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In this Friday, Nov. 9, 2012 photo, Kedao Wang, 21, of Shanghai, China, a senior at the University of Michigan walks on campus in Ann Arbor, Mich. Wang, one of about 6,400 overseas students at the University of Michigan, said his experience has been excellent but agrees growing numbers don’t solve the isolation problem. Virtually all Chinese students struggle at least somewhat to fit in, due to language and cultural barriers. New figures out Monday, Nov. 12, 2012 show international enrollment at U.S. colleges and universities grew nearly 6 percent last year, driven by a 23-percent increase from China, even as total enrollment was leveling out. But perhaps more revealing is where much of the growth is concentrated: big, public land-grant colleges, notably in the Midwest. (AP Photo/Paul Sancya)

Associated Press
In this Friday, Nov. 9, 2012 photo, Kedao Wang, 21, of Shanghai, China, a senior at the University of Michigan walks on campus in Ann Arbor, Mich. Wang, one of about 6,400 overseas students at the University of Michigan, said his experience has been excellent but agrees growing numbers don’t solve the isolation problem. Virtually all Chinese students struggle at least somewhat to fit in, due to language and cultural barriers. New figures out Monday, Nov. 12, 2012 show international enrollment at U.S. colleges and universities grew nearly 6 percent last year, driven by a 23-percent increase from China, even as total enrollment was leveling out. But perhaps more revealing is where much of the growth is concentrated: big, public land-grant colleges, notably in the Midwest. (AP Photo/Paul Sancya)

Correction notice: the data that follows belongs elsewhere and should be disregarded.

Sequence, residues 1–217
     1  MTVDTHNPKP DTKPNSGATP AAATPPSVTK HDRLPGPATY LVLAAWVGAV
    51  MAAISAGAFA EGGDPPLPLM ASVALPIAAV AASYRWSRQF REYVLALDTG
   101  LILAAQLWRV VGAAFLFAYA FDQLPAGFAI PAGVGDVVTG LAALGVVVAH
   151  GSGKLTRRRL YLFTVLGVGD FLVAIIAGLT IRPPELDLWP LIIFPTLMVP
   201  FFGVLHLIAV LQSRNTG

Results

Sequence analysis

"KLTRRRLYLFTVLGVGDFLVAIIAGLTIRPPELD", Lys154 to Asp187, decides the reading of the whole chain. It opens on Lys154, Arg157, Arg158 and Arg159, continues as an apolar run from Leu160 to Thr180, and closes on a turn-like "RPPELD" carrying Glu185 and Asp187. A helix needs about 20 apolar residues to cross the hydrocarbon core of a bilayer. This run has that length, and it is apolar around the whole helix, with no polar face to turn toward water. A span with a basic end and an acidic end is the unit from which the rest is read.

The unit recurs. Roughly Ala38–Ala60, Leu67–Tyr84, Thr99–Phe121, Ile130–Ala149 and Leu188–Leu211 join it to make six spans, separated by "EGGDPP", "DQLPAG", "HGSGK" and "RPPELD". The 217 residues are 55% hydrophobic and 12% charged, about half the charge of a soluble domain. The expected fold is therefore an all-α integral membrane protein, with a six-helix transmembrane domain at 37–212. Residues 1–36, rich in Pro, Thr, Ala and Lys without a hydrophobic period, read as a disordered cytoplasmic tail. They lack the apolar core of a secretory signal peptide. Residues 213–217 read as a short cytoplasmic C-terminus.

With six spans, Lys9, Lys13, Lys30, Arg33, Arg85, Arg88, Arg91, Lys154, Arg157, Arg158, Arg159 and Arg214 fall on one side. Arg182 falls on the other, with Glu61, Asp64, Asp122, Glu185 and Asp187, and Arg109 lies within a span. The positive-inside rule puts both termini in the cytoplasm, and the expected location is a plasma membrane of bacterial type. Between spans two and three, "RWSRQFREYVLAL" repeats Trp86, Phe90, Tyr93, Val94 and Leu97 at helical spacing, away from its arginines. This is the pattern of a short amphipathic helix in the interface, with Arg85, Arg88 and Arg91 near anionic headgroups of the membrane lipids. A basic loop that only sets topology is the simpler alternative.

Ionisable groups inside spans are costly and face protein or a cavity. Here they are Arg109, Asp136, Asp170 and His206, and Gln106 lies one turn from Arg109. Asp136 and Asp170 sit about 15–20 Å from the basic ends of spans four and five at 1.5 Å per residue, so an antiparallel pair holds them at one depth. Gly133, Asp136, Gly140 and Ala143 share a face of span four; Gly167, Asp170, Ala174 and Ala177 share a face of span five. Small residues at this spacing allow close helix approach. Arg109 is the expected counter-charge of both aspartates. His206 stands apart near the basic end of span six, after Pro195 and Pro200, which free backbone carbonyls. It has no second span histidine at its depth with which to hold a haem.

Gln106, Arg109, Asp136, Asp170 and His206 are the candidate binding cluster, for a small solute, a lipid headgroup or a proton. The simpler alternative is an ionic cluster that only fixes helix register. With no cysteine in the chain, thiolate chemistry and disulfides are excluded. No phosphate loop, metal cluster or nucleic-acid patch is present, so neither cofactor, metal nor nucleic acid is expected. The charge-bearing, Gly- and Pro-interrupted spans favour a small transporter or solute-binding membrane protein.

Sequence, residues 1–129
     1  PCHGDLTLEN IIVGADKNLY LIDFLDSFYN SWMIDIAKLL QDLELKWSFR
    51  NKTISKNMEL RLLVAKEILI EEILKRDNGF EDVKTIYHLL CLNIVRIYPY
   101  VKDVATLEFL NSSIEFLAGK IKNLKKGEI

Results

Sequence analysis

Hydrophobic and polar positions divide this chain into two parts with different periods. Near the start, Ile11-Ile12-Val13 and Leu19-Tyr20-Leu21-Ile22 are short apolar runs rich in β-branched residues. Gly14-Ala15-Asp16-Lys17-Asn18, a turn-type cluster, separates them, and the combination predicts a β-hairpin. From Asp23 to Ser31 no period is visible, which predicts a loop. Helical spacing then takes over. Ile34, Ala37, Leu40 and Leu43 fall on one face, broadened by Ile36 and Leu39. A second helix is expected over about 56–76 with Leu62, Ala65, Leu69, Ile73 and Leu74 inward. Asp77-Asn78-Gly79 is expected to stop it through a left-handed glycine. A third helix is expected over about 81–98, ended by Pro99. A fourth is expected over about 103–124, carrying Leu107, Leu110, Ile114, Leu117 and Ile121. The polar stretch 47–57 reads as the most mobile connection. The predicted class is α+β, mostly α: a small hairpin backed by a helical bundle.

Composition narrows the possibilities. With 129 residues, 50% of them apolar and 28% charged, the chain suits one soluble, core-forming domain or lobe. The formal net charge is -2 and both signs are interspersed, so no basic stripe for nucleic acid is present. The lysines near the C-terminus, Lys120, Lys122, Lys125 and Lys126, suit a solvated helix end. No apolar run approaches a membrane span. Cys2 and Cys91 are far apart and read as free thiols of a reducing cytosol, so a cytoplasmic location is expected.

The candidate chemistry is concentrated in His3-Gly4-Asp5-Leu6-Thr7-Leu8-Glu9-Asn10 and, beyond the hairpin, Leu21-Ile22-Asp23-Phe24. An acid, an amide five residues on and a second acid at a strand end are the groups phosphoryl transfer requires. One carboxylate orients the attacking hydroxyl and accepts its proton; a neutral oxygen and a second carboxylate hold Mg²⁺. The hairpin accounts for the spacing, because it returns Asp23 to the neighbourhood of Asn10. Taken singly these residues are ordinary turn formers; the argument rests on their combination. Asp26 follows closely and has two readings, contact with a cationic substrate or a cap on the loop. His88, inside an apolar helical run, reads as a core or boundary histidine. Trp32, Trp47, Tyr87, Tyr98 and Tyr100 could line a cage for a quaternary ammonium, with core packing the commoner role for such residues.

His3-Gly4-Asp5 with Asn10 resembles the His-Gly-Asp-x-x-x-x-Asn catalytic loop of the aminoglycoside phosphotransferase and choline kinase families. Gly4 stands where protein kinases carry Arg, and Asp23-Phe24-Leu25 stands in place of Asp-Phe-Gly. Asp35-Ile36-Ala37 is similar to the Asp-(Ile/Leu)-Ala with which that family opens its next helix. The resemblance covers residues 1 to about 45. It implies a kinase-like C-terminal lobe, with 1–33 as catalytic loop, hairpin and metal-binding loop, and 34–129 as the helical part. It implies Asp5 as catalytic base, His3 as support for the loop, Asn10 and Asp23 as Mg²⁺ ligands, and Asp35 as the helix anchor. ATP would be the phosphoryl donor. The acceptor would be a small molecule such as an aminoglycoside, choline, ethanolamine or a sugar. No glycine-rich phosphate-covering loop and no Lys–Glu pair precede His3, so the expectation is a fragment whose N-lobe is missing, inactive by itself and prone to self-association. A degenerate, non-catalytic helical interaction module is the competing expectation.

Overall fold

In this Friday, Nov. 9, 2012 photo, Kedao Wang, 21, of Shanghai, China, a senior at the University of Michigan walks on campus in Ann Arbor, Mich. Wang, one of about 6,400 overseas students at the University of Michigan, said his experience has been excellent but agrees growing numbers don’t solve the isolation problem. Virtually all Chinese students struggle at least somewhat to fit in, due to language and cultural barriers. New figures out Monday, Nov. 12, 2012 show international enrollment at U.S. colleges and universities grew nearly 6 percent last year, driven by a 23-percent increase from China, even as total enrollment was leveling out. But perhaps more revealing is where much of the growth is concentrated: big, public land-grant colleges, notably in the Midwest. (AP Photo/Paul Sancya)
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